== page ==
Celtic Illumination, part 112, The craic was good in Cricklewood
I had hoped that the, incident laden, first twenty four hours at Cranwell would be a one off. So it was with great dismay that I was told to be in the SATCO’s office at twelve o clock on the Tuesday. I arrived at his door to be waved in and sat down on the seat that was indicated to me. There was a Flight Sergeant sitting opposite me. He looked at me and shrugged his shoulders. The SATCO, a Squadron Leader, was talking to someone on the telephone.
As the SACTO, still on the telephone, shot straight up to stand at attention, the Flight Sergeant and I turned and then executed a similar reaction. An Air Commodore was closing the door to the office and offered his hand first of all to the Flight Sergeant and then myself. By now the SATCO has finished, or most probably ended, his telephone conversation and came around to shake hands with the Air Commodore.
This, we now learned, was the head of trade group nine, which meant that he was the top man for air traffic control. He was the fellow who had arranged for the Flight Sergeant and I to be detached to Cranwell. He then went on to explain his plan. Every time Prince Charles got airborne it would be the Flight Sergeant and myself who would be running the local control. There was no argument, no discussion, this was the plan and this is what was going to happen.
I had been chatting with some of the air traffickers and some of them already had their own cunning little plans as to who would have the honour of telling Prince Charles where to go. The Air Commodore then left and the SATCO followed him, escorting him out of the building. The Flight Sergeant and I sat down; shook hands and introduced ourselves, to each other, then waited for the SATCO to return. I didn’t want to say anything to anybody; I would let the SATCO do that.
At Valley I had found the local control, the greenhouse at the top of every air traffic control tower, was the most exciting place to work. However everyone wanted to work there and most of the time it was manned by the duty thicko who needed extra training. I wasn’t worried that we would be directly responsible for Prince Charles, after all he was in training to be a future king, but then so was I, I just didn’t know it at the time.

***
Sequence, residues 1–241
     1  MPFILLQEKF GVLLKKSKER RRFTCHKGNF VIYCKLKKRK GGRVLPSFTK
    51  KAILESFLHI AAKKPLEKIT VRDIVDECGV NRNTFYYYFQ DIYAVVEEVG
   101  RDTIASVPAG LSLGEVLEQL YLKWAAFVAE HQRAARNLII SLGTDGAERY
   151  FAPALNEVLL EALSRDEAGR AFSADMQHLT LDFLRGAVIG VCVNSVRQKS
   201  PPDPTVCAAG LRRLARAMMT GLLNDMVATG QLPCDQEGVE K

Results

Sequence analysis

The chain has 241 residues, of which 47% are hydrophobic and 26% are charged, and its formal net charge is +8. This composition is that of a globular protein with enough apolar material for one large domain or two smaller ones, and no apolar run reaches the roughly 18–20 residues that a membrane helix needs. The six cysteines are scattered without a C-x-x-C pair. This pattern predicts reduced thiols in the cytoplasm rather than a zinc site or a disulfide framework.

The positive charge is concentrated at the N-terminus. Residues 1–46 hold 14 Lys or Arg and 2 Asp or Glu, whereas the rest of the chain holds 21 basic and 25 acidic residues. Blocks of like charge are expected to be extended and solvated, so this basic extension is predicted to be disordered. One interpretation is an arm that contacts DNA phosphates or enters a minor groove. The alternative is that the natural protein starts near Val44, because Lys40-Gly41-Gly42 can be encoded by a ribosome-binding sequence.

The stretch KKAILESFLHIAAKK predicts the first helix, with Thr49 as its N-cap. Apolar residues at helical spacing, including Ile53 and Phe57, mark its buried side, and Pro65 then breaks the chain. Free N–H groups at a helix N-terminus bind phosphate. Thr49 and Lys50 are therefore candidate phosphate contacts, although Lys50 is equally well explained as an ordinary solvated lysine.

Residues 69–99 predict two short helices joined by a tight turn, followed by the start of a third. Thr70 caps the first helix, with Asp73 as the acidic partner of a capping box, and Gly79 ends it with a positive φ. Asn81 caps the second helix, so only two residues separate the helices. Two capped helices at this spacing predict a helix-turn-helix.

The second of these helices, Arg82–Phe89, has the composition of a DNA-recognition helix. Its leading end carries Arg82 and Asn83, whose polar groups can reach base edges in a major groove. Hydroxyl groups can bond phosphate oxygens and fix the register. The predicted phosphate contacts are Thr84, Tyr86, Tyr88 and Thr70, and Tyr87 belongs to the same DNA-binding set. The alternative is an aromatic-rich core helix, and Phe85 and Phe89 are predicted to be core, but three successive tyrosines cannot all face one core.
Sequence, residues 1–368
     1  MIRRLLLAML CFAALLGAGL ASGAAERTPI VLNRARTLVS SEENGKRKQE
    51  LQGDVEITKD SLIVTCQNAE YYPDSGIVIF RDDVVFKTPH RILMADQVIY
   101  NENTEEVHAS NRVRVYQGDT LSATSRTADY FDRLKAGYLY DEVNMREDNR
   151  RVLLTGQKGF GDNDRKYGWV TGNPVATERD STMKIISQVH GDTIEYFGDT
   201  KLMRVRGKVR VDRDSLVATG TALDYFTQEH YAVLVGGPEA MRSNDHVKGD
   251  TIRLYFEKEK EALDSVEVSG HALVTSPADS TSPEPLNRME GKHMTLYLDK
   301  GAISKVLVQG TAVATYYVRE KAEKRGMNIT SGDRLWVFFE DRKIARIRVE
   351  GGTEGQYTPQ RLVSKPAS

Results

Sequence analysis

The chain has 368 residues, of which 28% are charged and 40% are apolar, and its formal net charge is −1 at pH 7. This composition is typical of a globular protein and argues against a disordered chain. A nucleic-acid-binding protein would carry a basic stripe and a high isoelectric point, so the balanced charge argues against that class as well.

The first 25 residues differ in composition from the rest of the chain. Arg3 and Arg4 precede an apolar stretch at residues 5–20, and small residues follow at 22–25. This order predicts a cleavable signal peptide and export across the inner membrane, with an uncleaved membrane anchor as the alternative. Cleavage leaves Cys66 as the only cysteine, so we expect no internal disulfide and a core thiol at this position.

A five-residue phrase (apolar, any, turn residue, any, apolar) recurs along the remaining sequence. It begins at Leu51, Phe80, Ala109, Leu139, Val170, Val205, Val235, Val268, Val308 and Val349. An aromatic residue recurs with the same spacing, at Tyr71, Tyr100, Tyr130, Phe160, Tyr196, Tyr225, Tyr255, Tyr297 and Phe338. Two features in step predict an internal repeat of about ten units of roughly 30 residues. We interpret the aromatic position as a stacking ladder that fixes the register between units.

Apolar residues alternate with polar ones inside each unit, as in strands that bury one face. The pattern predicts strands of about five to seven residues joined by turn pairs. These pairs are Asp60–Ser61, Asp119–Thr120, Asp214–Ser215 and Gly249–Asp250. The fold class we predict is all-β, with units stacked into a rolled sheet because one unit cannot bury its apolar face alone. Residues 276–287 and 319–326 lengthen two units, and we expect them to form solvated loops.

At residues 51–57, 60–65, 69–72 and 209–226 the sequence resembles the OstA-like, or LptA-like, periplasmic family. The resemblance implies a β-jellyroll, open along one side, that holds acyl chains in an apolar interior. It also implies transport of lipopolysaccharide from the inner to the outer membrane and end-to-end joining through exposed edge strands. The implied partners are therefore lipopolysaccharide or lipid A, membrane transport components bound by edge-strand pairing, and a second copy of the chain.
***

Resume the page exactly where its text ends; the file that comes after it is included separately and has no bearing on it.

Needless to say the air traffickers were not amused, an outsider had been brought in to do their job and most of them wanted to be involved, in some way, with Prince Charles. I of course couldn’t have cared less but it certainly placed me in a very favourable position for my detachment. Every morning the Flight Sergeant and I would be given the details of Prince Charles’ flying for that day and we would take over local control, fifteen minutes before he was due to taxi and leave fifteen minutes after he landed.
Normally on a flying training unit there would be three people in the greenhouse. The local controller, the Flight Sergeant, the local assistant, moi, and the QFI, Qualified Flying Instructor. If a student pilot experienced any sort of problem the QFI was on hand to help them out and give advice. Because you really had to concentrate in the greenhouse, extra people were not encouraged to be there.
Normally all three people in the greenhouse would be quite relaxed and would get on with their jobs. The moment Prince Charles began to taxi, the visitors arrived. First of all the station commander, a Group Captain, arrived, then the head of the flying school, then the Air Commodore and finally another Air Commodore who was the head of the staff college. I wondered if they were going to attempt to use Vulcan mind control to bring Prince Charles down safely if he had a problem. As Prince Charles wasn’t the only student flying, and everything else on the airfield was progressing as normal, we had to continue to perform our jobs but with an added extra edge.